But things only worsened as Perry soon slipped into his natural speech pattern. I now had to hold in the giggles with one hand and prevent my body from convulsing with hysterics by gripping the edge of the table with the other. This was the worst sort of liability for a linguist...

“...yes, I have always regretted not having ordered the red staplers,” said Perry, continuing unaware of my difficulties.

I excused myself so I could hide in the restroom for a giggle fit. On my way back through the café one of the Saudis pinched me and then flicked the ash from his cigarette directly onto the hardwood floor. Back at our table, I saw Perry had ordered for us.

“Perry, at least take your beret off while we’re eating,” I requested kindly before I noticed that in front of me sat a spoonful of pâté wrapped in prosciutto and coated with sausage gravy made from the milk of a hand fed sow.

“I’m not eating that,” I said.

“I thought you said your mother’s family had a ranch in Washington?” Perry replied, sounding a little wounded.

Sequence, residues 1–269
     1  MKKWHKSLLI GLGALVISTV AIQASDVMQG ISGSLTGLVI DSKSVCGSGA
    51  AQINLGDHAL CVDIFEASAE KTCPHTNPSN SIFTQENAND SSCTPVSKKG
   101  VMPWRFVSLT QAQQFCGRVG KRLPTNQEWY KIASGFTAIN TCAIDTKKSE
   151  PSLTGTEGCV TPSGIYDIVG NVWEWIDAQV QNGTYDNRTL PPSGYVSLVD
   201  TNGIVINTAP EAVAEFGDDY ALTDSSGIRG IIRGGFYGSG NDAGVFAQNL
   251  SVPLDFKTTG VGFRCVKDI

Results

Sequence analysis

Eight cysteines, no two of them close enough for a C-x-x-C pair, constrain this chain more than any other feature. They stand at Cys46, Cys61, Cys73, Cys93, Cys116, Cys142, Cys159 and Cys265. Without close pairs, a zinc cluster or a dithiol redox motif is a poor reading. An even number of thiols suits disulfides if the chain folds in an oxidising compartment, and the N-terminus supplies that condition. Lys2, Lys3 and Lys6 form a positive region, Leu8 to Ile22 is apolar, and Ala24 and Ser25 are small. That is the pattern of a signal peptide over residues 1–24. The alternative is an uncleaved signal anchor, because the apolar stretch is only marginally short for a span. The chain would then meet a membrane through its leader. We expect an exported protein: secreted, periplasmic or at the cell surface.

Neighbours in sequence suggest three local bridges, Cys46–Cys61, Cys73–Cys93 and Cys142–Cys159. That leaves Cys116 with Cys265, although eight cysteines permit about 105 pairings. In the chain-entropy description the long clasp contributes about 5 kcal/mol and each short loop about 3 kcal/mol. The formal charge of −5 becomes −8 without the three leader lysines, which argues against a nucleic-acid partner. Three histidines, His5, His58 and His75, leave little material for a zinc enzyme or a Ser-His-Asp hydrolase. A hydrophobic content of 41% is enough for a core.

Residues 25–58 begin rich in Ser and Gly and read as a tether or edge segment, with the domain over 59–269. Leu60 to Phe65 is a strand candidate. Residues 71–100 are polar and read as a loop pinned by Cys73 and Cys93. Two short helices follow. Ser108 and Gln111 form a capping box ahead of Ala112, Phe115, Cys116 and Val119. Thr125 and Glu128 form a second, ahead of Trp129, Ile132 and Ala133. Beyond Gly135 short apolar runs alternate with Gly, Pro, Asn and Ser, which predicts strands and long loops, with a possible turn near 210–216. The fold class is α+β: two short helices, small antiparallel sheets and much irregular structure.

“I also said they were Jews, Perry.”

“You told me that they homesteaded!”

“For six months in 1881! At which point they hired ranch hands and moved to the cities. That was six generations ago. You do know we have cities in the Northwest, right? And listen to me talk. Yes, I quilt. I organic garden. I cook from scratch. I know a lot about farm animals, but I’ve not touched one...well not many. "

"I spent my summers in the general store of my grandfather’s ghost town generating business documents on an old jeweled key typewriter. And on that ranch I was never allowed outside because of rattlesnakes. I had a dull childhood, a dull, drab dreary, despicably uninteresting childhood! THAT is why I… ”

Overwhelmed with my repressed-childhood frustrations, I hadn’t immediately noticed that Perry wasn’t listening. He was staring off across the street. I pulled out my iPod and did a quick search for rattlesnakes+habitat+Okanogan County to show him how perilous it would have been to leave the ghost town. But the entry read:

No rattlesnakes have ever been observed on the Eastern side of Washington and especially not in the turn of the century mining boomtown, Nighthawk… not ever.